(If you missed Bankruptcy vs. Debt Settlement Part 1, please check out that blog entry first.) Our last installment described a likely scenario in which “John” would offer $4,000 to ABC Bank to settle a credit card debt of $10,000. This seems like a great deal, right? Maybe, but there are a lot of hidden issues that one needs to be aware of when settling debt in this manner.
Problems with Debt Settlement
The first issue is that the banks will generally not take payments on the offer they have made or accepted. They want their money now! So, John will probably have to have the $4,000 paid to the bank within a day or two of this agreement.
Second, and this is extremely important, the $6,000 that John will be “saving” is now taxable as income to him by the IRS. Yes, ABC Bank is going to send a “1099 Debt Forgiveness” form to the IRS for $6,000 and at the end of the year John is going to be hit with a tax bill from the IRS as having $6,000 in income that he never paid taxes on. This can get really ugly, especially if you are settling large amounts of debt!
Finally, many individuals will get these lump sums to settle the debt from their retirement accounts such as a 401k or an IRA. Again, there can be some pretty major tax consequences to taking money from a 401K or an IRA especially if you are below the requisite retirement age.
By the Numbers
So, with that in mind, let’s take John’s situation and put some estimated numbers on this settlement proposal and see what it looks like. John has offered to settle his $10,000 credit card debt with Bank ABC for $4,000. After consideration, ABC Bank has accepted his offer but they it in a lump sum want the cash within one week. John doesn’t have $4,000 on hand and must withdraw it from his IRA.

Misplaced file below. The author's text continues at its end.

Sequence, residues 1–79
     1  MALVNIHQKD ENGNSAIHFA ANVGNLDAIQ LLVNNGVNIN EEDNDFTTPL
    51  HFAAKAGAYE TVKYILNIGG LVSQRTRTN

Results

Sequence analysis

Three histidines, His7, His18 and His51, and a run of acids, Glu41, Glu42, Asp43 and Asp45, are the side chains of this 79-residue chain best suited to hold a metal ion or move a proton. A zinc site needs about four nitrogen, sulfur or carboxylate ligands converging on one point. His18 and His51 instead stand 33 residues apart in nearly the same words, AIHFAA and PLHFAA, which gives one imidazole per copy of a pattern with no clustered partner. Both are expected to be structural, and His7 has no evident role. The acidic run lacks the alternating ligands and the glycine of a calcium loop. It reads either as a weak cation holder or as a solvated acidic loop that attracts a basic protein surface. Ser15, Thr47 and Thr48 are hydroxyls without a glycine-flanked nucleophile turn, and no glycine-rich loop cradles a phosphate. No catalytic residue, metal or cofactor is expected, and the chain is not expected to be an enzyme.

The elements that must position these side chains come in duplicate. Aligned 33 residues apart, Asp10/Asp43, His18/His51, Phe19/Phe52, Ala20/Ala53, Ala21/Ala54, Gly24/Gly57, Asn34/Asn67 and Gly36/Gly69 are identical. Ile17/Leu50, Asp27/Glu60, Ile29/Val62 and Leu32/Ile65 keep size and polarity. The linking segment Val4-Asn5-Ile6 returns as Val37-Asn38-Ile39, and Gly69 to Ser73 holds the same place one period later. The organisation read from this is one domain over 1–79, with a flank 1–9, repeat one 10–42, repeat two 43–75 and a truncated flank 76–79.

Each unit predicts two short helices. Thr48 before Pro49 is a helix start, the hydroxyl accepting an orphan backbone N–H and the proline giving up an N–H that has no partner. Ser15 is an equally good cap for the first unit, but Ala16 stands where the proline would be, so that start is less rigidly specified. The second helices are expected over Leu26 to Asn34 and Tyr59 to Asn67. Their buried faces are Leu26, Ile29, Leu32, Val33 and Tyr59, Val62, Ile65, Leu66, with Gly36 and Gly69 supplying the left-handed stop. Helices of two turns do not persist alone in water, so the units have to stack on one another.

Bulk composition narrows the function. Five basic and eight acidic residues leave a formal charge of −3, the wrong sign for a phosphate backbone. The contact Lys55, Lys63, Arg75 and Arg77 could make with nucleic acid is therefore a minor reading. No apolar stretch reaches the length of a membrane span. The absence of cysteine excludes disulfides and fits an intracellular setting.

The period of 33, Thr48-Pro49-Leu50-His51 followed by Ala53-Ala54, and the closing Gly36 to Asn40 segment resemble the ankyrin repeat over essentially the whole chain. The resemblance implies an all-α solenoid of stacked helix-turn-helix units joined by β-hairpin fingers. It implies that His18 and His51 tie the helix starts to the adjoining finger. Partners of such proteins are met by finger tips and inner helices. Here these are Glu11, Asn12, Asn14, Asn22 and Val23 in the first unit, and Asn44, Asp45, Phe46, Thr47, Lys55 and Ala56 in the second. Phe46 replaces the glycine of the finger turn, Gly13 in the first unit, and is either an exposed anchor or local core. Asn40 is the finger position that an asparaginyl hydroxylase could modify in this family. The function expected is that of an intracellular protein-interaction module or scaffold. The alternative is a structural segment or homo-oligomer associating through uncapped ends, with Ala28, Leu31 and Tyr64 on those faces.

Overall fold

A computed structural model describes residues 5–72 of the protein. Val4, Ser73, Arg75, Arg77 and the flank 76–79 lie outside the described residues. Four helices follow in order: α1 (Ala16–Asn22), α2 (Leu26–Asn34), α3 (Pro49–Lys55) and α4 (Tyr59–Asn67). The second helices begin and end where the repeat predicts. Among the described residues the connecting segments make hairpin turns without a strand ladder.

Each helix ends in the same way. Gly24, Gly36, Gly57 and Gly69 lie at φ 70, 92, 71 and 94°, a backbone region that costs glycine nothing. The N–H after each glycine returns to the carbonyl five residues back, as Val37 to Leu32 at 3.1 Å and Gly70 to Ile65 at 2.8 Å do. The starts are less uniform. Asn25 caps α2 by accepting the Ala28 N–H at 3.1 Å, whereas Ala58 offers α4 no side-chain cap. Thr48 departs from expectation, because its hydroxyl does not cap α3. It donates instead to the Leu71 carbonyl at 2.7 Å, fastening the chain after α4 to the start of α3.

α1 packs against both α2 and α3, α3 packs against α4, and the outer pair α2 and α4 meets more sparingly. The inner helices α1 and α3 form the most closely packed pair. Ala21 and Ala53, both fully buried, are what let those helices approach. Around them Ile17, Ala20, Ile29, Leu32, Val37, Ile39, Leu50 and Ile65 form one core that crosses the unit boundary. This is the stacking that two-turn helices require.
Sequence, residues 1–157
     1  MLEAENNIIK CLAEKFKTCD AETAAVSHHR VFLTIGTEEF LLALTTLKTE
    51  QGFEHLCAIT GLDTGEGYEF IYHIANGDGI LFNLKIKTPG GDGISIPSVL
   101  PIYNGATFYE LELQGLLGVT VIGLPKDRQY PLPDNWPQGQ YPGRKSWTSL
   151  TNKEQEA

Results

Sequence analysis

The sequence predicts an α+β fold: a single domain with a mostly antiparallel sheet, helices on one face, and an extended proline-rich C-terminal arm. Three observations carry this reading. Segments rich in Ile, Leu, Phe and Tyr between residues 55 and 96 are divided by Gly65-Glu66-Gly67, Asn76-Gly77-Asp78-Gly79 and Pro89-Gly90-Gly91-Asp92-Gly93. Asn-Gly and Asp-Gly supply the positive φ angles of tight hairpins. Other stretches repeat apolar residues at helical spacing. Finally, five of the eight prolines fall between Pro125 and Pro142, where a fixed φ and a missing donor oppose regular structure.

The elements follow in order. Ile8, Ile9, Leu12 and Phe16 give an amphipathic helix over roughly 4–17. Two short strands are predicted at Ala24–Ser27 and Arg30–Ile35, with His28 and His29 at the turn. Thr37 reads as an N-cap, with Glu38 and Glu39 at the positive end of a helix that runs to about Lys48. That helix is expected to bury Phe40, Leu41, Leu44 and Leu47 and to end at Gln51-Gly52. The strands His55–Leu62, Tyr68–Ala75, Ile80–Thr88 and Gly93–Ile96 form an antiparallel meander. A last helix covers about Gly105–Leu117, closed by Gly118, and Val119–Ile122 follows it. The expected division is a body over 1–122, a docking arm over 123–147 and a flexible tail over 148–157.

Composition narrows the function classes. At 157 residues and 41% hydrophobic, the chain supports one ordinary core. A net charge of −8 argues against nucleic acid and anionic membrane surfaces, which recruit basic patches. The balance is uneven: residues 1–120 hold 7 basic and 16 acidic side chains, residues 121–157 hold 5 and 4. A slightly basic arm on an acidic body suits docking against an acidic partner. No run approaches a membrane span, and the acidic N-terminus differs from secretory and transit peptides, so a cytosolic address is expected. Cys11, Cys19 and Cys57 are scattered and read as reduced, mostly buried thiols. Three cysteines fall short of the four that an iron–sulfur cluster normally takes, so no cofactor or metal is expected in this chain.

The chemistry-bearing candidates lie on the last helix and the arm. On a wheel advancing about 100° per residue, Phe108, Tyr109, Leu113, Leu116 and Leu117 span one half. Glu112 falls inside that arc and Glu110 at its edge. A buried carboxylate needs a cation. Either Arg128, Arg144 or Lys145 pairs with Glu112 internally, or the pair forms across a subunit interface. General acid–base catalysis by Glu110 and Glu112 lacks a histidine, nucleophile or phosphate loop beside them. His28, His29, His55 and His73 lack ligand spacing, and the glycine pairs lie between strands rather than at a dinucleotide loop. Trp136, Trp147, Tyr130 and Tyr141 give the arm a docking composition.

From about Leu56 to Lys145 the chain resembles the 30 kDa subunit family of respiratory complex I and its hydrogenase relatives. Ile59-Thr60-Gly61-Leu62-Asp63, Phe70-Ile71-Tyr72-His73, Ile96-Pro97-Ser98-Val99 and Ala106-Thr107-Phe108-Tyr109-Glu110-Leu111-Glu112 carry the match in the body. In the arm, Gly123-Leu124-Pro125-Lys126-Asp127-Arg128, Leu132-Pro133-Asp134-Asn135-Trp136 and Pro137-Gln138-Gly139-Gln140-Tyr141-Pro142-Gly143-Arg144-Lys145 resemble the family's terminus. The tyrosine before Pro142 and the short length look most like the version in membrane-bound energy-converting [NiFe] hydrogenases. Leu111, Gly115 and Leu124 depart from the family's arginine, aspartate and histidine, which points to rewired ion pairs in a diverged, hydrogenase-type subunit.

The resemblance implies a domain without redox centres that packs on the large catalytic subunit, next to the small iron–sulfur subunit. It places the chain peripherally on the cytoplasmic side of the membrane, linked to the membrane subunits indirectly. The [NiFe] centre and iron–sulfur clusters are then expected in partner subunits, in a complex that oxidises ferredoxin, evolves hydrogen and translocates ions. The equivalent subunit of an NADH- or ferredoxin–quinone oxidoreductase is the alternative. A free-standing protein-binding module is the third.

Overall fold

John is only 45 years old, so he has to pay a 10% penalty for an early withdrawal. He also is in the 15% tax bracket for tax purposes to he has to account for that when he withdraws the money. What this means is that in order to get his hands on $4,000 to use for payment to ABC Bank, he actually needs to take about $5,300 and send $1,300 of that to the IRS for the 10% penalty and 15% income tax. So, now John has his $4,000 (which he spent an additional $1,300 to get) and he pays it to ABC Bank.
Unfortunately, at the beginning of the next year, he receives a 1099 Debt Forgiveness form from the IRS in the amount of $6,000. Now, when John does his taxes, he must pay income taxes on that $6,000. Remember that John pays income taxes to the IRS at a rate of 15%, so he must pay in an additional $900 to the IRS than he otherwise would have had to pay.
Credit Score Impact
All in all, John paid $6,200 in lump sums to settle the $10,000 debt that he had with ABC Bank. Still not a bad deal, but wait... it doesn’t end there. The next time John checks his credit report he is going to see an entry by ABC Bank that says something along the lines of “debt settled for less than what was owed."
This is going to drive down John’s credit score significantly and will stay on his report for seven years. According to lenders that I have spoken with, having a settled debt on a credit report is almost as bad as having a bankruptcy reported to the credit bureaus and in some instances it is even worse.
As you can see, a lump sum settlement isn’t always as cut and dry a solution to an outstanding debt as it may seem. If you find yourself in a situation similar to John's, give us a call and see how we can help. Bankruptcy could be the answer. Steidl & Steinberg has over 30 years of experience in helping people solve their debt problems.